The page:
I have done it, but (there is always a but)….the opportunity was an exceptional one. It was a chance to grow as a writer and was not be very time-consuming on a monthly basis. I think it lasted six months or so and I wrote something once a month. I learned a lot about myself, so it was a good choice for me at that time. I think you need to take these things on a case-by-case basis instead of saying, “Oh, I would never do that.”

  2. Amanda RobergeAmanda Roberge says

    I get asked to help other organizations fund-raise alllllll the time. They ask me to come and set up a henna booth, charge money, and fork it over. I do it from time to time, but only when it’s a cause I was planning to support anyways — like my kids’ school PTOs or anything to do with Childhood Cancer Research/Awareness. But I draw the line just as often and tend to give people a royal education when they try to tell me it’s for my benefit — exposure, etc. I only want to “expose” myself to the right audiences and I do that just fine on my own, thankyouverymuch. But like you said, you take each “opportunity” and weigh it out individually. I have pretty much met my philanthropy quota for 2014 and it’s only the first week of February 😉

    • Jenna PaoneJenna Paone says

      I’m with you there, Amanda! I’ve done many fundraising events over the course of my career, and like, I tend to support causes I believe in/am already involved in. Especially when it comes to my own nonprofit, Boston GLOW (!

  3. says

    Sharing my experiences here…

    If they say: We don’t have the budget for this now, but if this goes well we’ll have additional work for you…Run for the hills because they’ll never have the budget and won’t have additional work for you. This is hard to recognize or see in the heat of the moment.

    But, if there is someone out there you would love to work with, by all means, explain how you can help and offer to work for free. But set an expectation up front. If it’s not money and future projects, you can ask for a testimonial/case study or introductions to other people.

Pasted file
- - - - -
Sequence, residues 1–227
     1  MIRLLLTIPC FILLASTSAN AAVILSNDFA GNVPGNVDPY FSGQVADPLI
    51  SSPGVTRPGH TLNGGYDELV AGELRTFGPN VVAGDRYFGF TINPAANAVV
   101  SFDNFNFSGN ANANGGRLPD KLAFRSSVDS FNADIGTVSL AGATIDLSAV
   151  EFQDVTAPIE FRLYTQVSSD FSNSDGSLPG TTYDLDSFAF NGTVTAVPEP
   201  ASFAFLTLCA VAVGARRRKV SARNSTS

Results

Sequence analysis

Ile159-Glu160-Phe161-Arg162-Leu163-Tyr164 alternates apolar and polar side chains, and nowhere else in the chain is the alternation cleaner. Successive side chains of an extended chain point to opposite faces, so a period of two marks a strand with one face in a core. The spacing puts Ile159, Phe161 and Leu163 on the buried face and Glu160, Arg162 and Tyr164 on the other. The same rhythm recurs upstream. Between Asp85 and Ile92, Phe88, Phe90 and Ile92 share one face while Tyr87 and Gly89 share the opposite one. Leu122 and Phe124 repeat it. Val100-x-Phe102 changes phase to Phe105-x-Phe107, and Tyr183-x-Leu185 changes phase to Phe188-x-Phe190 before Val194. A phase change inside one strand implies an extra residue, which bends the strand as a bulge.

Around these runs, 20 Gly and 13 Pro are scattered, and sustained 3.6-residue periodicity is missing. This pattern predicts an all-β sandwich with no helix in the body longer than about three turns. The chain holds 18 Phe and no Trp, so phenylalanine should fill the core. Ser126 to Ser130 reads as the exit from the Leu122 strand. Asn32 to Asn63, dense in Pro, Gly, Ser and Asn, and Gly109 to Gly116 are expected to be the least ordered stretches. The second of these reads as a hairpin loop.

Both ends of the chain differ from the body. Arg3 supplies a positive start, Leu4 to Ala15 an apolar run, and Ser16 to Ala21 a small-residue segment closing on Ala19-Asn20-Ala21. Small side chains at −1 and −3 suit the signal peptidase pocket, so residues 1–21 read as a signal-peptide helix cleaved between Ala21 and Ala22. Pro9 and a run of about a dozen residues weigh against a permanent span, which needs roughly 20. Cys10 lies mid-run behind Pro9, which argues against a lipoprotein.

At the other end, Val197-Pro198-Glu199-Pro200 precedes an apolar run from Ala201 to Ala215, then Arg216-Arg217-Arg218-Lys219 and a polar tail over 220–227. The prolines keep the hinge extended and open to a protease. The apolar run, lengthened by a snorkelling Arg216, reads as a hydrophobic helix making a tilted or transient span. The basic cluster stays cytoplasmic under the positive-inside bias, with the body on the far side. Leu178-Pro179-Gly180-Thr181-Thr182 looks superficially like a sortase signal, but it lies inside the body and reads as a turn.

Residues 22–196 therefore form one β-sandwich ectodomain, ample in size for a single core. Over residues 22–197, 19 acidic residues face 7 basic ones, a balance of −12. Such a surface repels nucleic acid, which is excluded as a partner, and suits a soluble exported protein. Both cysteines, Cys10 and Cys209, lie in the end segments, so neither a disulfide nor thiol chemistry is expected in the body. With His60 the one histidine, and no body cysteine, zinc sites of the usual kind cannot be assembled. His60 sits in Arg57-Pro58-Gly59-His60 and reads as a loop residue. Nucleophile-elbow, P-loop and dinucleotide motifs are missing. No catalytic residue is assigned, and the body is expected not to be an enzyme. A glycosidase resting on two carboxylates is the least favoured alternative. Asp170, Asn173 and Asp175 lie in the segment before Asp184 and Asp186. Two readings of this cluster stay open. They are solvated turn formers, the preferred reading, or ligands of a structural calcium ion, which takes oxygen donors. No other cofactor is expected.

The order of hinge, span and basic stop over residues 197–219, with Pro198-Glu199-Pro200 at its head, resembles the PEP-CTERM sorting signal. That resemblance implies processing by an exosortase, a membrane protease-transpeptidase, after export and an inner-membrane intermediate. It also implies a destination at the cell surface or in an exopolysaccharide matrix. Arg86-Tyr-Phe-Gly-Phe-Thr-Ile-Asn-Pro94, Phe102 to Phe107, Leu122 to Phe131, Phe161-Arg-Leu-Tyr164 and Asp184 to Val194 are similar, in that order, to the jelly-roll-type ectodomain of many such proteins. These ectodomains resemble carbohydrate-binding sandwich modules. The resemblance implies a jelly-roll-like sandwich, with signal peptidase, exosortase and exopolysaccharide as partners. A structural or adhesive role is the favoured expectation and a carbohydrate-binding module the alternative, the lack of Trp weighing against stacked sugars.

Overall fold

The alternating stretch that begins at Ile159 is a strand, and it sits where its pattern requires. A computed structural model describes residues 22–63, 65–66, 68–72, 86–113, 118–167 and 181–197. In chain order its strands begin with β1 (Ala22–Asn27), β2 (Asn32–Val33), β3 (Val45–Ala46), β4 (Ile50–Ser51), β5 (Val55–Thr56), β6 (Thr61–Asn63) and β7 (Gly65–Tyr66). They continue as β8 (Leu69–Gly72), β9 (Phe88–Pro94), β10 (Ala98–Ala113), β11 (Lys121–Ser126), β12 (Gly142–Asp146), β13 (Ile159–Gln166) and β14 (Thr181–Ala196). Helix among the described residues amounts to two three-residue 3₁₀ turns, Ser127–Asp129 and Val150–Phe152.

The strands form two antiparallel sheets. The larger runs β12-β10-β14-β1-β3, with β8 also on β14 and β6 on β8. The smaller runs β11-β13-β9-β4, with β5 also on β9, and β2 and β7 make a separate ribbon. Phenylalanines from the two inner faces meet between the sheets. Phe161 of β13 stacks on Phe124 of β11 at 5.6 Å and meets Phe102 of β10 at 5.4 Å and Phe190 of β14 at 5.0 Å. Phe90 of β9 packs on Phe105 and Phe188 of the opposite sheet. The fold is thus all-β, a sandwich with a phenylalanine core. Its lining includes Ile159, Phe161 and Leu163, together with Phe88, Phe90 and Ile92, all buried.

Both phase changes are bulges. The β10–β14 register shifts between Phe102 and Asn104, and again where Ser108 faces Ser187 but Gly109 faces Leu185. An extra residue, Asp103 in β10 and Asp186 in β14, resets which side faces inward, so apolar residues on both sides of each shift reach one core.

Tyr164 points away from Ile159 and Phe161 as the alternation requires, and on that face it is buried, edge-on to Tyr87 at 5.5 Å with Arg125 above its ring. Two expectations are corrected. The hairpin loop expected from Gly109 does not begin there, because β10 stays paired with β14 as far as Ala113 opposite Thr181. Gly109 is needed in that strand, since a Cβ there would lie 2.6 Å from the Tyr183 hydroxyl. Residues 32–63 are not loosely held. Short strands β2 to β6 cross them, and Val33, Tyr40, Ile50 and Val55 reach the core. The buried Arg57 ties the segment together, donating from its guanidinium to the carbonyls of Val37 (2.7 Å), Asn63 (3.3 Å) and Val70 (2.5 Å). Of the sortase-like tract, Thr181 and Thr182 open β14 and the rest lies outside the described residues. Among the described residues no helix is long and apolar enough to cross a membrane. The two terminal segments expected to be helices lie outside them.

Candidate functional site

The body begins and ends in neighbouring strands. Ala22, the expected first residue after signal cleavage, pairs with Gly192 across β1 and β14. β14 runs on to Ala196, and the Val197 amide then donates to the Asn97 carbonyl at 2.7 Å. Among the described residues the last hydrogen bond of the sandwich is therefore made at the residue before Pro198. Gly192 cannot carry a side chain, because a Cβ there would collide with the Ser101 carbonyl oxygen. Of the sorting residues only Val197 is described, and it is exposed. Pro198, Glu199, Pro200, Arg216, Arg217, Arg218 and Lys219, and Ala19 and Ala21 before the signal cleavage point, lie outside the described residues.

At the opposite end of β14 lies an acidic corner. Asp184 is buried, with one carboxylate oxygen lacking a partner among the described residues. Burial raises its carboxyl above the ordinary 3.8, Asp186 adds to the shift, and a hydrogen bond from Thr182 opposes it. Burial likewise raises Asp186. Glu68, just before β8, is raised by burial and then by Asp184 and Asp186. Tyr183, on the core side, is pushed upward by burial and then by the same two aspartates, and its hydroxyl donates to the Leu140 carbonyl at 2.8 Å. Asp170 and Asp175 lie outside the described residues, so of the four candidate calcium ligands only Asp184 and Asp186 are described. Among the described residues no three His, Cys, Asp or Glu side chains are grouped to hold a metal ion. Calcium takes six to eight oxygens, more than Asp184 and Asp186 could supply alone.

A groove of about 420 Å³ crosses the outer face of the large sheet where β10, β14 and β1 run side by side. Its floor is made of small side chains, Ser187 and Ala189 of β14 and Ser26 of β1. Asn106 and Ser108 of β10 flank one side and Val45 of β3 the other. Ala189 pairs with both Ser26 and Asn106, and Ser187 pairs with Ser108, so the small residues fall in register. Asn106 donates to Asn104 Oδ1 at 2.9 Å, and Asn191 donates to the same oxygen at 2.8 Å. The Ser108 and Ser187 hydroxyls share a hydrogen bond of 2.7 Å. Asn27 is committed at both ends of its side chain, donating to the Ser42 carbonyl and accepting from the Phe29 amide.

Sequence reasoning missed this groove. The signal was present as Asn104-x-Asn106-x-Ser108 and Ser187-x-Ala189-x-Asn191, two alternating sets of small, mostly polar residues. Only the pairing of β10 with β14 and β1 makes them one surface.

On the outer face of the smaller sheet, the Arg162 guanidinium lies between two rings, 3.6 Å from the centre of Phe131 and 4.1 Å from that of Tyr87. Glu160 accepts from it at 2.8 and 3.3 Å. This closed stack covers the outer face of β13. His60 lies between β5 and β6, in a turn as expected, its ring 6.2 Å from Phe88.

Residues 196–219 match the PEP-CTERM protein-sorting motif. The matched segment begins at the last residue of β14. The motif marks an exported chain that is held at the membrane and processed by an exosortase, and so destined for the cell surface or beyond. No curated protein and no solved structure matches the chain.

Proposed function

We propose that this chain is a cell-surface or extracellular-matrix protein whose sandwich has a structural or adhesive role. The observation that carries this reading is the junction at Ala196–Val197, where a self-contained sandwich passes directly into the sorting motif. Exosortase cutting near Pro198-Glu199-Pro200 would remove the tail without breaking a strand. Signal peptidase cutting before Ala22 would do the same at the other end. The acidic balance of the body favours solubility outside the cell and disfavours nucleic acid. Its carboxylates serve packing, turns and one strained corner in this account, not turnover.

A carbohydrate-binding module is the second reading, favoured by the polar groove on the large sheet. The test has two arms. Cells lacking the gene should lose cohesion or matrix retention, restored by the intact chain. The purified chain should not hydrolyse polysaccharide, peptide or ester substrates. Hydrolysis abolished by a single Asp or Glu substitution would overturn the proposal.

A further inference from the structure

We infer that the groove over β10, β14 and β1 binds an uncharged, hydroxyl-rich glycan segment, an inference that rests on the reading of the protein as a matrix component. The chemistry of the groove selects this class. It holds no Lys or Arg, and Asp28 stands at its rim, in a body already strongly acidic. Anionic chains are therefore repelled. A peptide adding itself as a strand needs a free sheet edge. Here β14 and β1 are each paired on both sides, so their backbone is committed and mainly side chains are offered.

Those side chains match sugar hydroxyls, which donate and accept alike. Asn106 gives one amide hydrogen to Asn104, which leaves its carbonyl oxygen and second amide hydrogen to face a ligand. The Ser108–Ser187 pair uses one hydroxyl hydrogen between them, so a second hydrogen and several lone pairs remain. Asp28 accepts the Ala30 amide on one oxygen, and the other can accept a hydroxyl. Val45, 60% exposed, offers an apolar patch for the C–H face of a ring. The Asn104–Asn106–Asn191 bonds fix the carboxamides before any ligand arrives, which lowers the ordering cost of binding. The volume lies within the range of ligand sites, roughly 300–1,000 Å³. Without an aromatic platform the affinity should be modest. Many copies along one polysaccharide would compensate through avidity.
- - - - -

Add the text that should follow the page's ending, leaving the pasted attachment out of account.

• Jenna PaoneJenna Paone says

      I suppose it depends on the project, right? I’ve gotten involved early on in certain ventures where money was initially tight, but improved over time. I’ve also been party to many an empty “there’s no room in the budget but someday maybe” promises. Especially as a musician – people really, really, really, REALLY hate to pay you for your services. As I said, I think if you can get something useful out of the situation (useful enough to warrant your time), it can work in your favor to take on something that isn’t financially lucrative.

  4. Alyson Weiss says

    Ugh this is so tough! In an ideal world, this isn’t a choice you would ever even be put in the position of making. We need to have larger conversations about the morality of asking for free work in the first place and the options out there for funding “volunteer” work that shouldn’t be volunteer.

    • Jenna PaoneJenna Paone says

      Agreed, Alyson. It’s so tough because of long-existing mindsets of what people are or aren’t willing to pay for!

  5. Nacie Carson says

    Hey Jenna –

    I think this is such a challenging question to consider – on the one hand, as a young freelancer I worked for free quite a bit just to get some items in my portfolio. Then I went through a phase were I was like “no, I’m legit now, no more! I need to value myself!” Now, I find myself being inspired by mentors like Mark Carter and others who give away so much of their work purposefully as a way to contribute/come from a place of abundance. Conversely, what I do get paid for now I get paid much more for, so that feels safe in a way?

    What do you think?